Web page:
July / August 2017

Acing the Photo Interview

David G. Smith

Hi David, I've had a few phone interviews recently, but I never go any further in the process. What am I doing wrong?

For most candidates, a phone interview is the first real point of contact with the company, and should be taken as seriously as an on-site interview. The casual nature of a phone call, however, can lead to some traps. Let’s explore some tips and tactics.


Take time to research the organization and ensure you have a good grasp of the job description. Know what is on your résumé; it will be the basis for many of the questions you receive. Be ready to explain your work history and to discuss specific experiences and skills. (Note: For more detailed interviewing recommendations, read my column in the May-June 2017 issue of Pharmaceutical Engineering.)

Conduct the interview in a location where you won’t be distracted or interrupted. Choose a place in which you would typically work, such as a home office—a professional setting will help you rise to the occasion. Try to avoid a casual environment like your car or a park bench. Use a land line if possible. If you must use a mobile phone, make triple sure that you are in an area with good signal strength.

Prepare questions that you want to ask and prioritize them based on their importance to you. Stay away from any discussion of benefits, starting salary, and the like. If the process progresses, there will be time to address these.

Do a dry run with a friend to see if your setup works. Get feedback on the quality of the connection, cadence of your voice, and energy level. Ask if there were any background noises or other distractions—phone microphones can pick up sounds you might not notice. It is also a good idea to practice referencing your résumé and other documents.

“A phone interview should be taken as seriously as an onsite interview”

The Interview

Your interview will probably last about 30 minutes, so be concise with your answers on basic questions about schedule requirements, travel, relocation, the reason for leaving your current position, and how quickly you could transition into the new role. The faster you can move through these, the more time you’ll have to discuss your qualifications. Have examples ready to showcase your transferable skills and explain how you work through challenges.

Perhaps the most difficult question to ask yourself is how well you communicate. Do you sound excited about the opportunity? Have you done your homework? Are you authentic? Are you easy to speak with? Your recruiter will evaluate these qualities closely.

Here are some additional tips:

  • Dress professionally. This can help you elevate the conversation and feel confident.
  • Don’t rely on a calendar invitation. Dates and time zones in email systems often fail to function properly. Confirm the date, time, duration, and phone number via email. Trust me—this one is important.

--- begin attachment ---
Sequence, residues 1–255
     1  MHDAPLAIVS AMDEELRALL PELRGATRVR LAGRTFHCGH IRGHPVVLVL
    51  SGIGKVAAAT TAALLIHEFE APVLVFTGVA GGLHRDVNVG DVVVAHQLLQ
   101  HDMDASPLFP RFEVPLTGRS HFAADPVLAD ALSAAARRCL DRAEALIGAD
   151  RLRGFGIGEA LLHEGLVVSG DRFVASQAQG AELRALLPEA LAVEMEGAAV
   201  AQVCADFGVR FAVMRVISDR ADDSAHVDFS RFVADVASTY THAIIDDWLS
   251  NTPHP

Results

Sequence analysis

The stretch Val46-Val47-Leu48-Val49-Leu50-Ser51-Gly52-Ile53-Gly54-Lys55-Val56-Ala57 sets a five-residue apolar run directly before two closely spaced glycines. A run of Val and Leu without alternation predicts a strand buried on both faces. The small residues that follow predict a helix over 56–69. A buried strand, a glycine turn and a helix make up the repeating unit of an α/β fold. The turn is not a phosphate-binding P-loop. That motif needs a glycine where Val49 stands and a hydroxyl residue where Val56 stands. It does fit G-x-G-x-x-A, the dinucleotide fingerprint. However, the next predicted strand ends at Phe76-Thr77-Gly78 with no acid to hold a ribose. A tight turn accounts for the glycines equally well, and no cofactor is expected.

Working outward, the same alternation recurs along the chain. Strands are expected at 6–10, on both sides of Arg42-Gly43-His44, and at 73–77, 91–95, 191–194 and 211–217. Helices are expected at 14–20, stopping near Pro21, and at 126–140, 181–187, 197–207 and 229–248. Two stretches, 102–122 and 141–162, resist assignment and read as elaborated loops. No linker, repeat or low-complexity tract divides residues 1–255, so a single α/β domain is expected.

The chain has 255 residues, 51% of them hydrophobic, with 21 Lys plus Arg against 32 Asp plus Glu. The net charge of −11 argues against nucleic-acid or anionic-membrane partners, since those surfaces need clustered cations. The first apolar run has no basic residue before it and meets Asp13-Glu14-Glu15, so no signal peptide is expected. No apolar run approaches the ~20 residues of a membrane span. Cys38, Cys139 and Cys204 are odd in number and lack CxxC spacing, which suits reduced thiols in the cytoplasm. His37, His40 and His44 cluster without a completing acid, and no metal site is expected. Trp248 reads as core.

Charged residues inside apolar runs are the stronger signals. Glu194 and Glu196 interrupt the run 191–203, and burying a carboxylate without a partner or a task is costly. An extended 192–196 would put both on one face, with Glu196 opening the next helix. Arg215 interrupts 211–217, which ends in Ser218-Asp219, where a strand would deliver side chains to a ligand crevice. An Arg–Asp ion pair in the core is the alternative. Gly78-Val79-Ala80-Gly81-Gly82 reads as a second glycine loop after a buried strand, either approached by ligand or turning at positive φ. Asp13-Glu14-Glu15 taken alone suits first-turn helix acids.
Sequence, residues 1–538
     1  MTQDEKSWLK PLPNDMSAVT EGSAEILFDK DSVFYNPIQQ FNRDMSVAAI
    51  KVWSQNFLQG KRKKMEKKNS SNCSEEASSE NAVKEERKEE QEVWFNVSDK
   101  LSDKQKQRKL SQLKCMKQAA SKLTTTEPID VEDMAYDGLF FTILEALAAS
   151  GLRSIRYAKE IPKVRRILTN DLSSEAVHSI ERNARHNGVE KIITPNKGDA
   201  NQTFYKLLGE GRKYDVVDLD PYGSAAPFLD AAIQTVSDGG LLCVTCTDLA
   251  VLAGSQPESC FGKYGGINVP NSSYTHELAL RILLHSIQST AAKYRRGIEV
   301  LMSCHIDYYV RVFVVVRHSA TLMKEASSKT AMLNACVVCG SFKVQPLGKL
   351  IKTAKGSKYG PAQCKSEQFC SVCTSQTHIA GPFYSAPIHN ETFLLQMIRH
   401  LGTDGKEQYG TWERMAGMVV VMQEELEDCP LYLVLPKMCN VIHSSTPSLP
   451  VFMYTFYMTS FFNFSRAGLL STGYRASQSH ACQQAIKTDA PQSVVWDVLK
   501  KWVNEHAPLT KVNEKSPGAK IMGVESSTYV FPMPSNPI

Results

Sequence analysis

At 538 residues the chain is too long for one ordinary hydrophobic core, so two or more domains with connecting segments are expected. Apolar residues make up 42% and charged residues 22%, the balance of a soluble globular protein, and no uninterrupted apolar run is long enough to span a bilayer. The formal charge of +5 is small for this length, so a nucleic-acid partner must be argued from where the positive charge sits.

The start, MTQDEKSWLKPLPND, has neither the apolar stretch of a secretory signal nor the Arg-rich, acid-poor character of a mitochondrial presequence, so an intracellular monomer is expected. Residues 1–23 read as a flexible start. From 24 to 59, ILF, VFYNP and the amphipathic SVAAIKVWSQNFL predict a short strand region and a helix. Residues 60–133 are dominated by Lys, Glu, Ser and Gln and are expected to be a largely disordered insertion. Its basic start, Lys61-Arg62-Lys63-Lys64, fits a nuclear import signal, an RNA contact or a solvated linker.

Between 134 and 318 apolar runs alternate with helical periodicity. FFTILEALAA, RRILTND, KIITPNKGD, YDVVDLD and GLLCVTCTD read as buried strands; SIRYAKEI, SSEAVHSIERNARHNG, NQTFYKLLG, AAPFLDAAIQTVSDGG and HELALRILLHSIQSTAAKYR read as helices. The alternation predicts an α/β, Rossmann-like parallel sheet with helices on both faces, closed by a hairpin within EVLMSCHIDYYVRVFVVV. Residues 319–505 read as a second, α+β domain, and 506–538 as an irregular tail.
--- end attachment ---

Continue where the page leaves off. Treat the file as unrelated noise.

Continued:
• If a hiring manager or recruiter calls you at an unplanned time for an impromptu phone interview, don’t wing it. It is perfectly reasonable to say that you are not able speak freely and would like to schedule a time to connect. This will allow you to prepare appropriately and be at your best.
  • If you have trouble projecting your voice on the phone, print the interviewer’s LinkedIn picture and fix it at eye level to simulate speaking to a person.
  • Sitting too long in one place can lower your energy level, which might be reflected in your voice. Try taking a brisk walk before your call to raise your energy.
  • Take notes. Capture the questions you are asked. Mark your résumé to indicate areas of concern or value; you will need this information when preparing for future interviews. If the conversation touches on topics you want to discuss further, write them down.
  • Use a headset. This will allow you to take notes and reference documents more easily.

Before the call ends, ask about next steps, timing, and who will contact you. If all goes well, an onsite meeting might be scheduled while you’re still on the phone, so be prepared to talk about your availability—especially if travel would be required.

After The Interview

After you hang up, reflect on the conversation. What did you do well? Did you miss something in one of your responses? Did you feel comfortable in your environment? Assessing the interview can help you to understand how to improve your strategy next time.

Send a thank you note. Not only is this a great opportunity to thank the interviewer for taking the time to consider you, it is also a chance to reaffirm your interest in the position, add an important follow-up that you may have missed in an answer, attach a letter of recommendation, and emphasize your value statement. Keep it concise to ensure it is read.

Have another career question? Send me a note at, and I will try to answer it in a future column.